INTRODUCTION
11, 111, 1111 in base ten are not pure powers, we can easily verify it, but
is it true for a number of n digits equal 1 in base ten, for all n. This study
is an answer to this question. A number with n digits equal to 1 (111…1)
in base ten is equal to a number with n digits equal to 9 (999…9) in base
ten divided by 9, which means ,
the theorem stipulates that ,
.
This research proposes an original and analytic proof of this theorem called
Bugeaud and Mignotte theorem (Bugeaud and Mignotte, 1999).
THE PROOF
Let BugeaudMignotte equation:

Then with j^{2} = 1 
10^{n}9Y^{q} = 1 = 10^{n}+j(9jY^{q}) 
We pose: 
10^{n} = x, 9jY^{q} = y, u = 1, z = 9jY^{q}10^{n}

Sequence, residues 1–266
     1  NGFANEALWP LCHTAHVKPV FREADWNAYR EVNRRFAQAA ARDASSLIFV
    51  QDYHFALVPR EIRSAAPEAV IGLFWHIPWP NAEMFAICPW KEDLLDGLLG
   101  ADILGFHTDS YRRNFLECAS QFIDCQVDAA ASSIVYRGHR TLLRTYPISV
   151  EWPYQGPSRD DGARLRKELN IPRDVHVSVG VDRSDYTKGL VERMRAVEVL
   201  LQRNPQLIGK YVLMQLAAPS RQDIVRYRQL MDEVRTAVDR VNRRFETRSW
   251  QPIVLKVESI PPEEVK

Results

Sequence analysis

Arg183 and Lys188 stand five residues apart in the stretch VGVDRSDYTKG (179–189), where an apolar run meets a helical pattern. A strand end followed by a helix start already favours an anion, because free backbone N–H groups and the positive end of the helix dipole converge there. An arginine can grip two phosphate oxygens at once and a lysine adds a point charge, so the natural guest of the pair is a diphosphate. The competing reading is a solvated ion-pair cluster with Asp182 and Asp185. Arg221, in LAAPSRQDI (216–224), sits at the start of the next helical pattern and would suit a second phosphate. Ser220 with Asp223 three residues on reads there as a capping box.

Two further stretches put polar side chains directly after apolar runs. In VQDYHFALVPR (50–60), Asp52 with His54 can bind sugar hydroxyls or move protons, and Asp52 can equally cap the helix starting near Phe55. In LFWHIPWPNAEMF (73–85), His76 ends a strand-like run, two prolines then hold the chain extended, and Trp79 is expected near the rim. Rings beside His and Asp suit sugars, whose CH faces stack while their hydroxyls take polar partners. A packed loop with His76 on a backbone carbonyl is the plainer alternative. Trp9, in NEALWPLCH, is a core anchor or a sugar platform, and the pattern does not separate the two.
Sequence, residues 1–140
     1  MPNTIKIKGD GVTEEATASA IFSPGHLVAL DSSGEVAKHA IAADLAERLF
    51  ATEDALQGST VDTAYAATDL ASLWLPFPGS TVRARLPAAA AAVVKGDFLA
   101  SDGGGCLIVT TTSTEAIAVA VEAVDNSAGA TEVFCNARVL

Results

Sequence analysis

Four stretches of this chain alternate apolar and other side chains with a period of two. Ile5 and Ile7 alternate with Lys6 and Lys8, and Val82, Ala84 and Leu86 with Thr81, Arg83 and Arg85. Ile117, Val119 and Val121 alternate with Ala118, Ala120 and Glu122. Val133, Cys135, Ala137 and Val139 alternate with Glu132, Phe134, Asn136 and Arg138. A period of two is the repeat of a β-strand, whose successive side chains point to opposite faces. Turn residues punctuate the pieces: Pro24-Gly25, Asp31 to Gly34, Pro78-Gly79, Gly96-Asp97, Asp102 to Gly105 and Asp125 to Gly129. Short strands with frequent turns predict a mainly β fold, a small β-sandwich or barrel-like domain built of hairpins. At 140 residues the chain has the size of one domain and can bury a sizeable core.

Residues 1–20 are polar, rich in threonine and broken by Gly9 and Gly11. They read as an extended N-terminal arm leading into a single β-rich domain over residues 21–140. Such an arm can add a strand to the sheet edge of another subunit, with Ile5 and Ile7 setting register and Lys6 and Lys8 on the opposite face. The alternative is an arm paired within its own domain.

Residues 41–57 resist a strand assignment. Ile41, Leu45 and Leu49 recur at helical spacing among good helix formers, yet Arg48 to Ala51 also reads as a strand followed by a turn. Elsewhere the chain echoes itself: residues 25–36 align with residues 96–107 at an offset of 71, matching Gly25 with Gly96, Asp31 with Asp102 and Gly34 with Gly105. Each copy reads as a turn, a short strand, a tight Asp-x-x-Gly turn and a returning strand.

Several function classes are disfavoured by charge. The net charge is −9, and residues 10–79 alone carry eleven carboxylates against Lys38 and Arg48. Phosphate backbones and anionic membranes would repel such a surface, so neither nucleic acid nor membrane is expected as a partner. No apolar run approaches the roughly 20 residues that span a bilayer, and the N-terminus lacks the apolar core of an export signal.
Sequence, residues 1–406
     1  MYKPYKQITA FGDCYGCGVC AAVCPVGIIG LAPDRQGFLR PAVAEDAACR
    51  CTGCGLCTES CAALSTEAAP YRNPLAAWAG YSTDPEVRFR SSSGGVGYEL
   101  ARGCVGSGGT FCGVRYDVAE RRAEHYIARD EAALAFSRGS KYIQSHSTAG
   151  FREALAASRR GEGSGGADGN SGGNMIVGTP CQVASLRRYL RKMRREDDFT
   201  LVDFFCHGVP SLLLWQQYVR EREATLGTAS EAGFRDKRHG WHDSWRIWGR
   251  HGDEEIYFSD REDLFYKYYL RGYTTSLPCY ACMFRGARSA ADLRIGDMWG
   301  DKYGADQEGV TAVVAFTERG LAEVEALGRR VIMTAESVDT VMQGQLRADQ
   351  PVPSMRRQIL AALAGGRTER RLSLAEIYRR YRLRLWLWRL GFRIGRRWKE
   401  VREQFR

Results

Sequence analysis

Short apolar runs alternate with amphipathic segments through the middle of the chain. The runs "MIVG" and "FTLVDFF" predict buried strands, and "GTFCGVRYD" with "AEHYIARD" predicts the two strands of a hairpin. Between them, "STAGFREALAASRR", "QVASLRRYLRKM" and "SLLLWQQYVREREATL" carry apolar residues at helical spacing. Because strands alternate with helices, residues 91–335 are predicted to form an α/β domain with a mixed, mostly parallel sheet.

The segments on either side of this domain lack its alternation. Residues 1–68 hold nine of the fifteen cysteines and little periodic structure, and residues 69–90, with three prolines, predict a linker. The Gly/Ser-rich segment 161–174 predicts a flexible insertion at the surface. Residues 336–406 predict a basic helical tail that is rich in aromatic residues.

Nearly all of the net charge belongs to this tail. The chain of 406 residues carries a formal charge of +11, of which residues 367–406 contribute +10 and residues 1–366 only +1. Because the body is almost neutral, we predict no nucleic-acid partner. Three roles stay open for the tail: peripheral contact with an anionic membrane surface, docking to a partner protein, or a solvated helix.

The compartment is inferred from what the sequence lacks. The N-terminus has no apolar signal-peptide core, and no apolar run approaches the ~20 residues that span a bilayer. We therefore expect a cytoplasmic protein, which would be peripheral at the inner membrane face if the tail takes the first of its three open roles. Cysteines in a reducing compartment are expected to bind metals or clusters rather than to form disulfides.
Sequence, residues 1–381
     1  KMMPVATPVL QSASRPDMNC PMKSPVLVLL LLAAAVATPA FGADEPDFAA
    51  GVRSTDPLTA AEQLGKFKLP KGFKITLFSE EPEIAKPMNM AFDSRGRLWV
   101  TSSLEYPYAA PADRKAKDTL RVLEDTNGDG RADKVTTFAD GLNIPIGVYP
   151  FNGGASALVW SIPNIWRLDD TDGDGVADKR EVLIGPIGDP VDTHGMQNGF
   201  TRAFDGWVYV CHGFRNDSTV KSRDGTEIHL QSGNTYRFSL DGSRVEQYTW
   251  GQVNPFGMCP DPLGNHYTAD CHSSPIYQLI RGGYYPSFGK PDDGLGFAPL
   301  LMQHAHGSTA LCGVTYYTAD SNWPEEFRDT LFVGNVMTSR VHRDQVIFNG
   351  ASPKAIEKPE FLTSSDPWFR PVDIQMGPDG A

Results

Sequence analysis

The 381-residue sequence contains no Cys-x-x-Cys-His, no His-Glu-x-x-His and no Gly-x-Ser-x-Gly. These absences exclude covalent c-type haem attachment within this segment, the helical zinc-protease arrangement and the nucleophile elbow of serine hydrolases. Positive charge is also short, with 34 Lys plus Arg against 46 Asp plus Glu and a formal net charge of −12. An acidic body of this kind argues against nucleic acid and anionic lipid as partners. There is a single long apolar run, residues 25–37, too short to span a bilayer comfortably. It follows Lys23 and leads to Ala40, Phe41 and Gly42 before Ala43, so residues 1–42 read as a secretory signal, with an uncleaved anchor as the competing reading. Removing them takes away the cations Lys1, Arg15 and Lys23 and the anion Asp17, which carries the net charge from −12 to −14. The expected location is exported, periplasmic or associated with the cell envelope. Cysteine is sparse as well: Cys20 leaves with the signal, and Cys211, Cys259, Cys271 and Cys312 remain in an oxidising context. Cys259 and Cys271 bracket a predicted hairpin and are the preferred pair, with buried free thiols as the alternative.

Lemma 1
Proof of Lemma 1

And: 

We pose: 

until infinty. 
Lemma 2
The expression of the sequences is 

Proof of Lemma 2
For I = 2, ,
it is verified. We suppose the expressions true for I 

But: 

Lemma 3
x_{i}jy_{i} = xjy
Lemma 4
The lemmas 1, 2, 3 imply that jyx = 0
Proof of Lemma 4

We pose: 

We pose: 


And: 

And: 

If we make the hypothesis that 

And: 


But: 

The hypothesis
is false and 

In all cases 


is convergent, then the general term of the series tends to zero 

And it is impossible: the existence of Y and q is impossible! 
CONCLUSION
BugeaudMignotte equation has effectively no solution, and an analytic proof
exists. The generalization is
is it possible? It seems that there are only three solutions: